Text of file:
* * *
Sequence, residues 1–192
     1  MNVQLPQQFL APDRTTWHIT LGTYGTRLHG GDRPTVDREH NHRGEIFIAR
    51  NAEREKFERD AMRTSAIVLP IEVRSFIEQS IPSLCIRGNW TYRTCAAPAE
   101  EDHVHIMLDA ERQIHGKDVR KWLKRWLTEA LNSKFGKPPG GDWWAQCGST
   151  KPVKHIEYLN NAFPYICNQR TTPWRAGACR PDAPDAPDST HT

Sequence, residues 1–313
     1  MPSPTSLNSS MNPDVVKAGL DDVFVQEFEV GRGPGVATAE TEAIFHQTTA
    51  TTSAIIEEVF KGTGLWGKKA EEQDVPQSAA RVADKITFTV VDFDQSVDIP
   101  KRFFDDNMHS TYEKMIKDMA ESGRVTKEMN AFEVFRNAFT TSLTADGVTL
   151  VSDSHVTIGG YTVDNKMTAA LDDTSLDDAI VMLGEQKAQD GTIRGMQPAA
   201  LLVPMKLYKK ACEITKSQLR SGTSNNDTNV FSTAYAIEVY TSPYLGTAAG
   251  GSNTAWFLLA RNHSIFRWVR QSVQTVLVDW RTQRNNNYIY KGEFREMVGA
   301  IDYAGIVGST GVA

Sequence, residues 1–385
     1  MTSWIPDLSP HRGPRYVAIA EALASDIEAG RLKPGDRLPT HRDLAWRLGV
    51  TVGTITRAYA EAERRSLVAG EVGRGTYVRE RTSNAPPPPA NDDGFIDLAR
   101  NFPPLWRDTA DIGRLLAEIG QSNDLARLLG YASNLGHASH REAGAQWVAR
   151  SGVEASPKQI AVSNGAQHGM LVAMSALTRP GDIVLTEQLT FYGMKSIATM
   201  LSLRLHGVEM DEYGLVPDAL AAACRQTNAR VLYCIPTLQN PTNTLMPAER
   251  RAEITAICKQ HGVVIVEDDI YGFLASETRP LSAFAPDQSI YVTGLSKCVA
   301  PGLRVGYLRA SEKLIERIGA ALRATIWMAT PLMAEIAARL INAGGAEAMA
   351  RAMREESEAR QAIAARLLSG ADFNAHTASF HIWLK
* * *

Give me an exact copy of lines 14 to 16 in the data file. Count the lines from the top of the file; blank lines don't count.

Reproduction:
Sequence, residues 1–385
     1  MTSWIPDLSP HRGPRYVAIA EALASDIEAG RLKPGDRLPT HRDLAWRLGV
    51  TVGTITRAYA EAERRSLVAG EVGRGTYVRE RTSNAPPPPA NDDGFIDLAR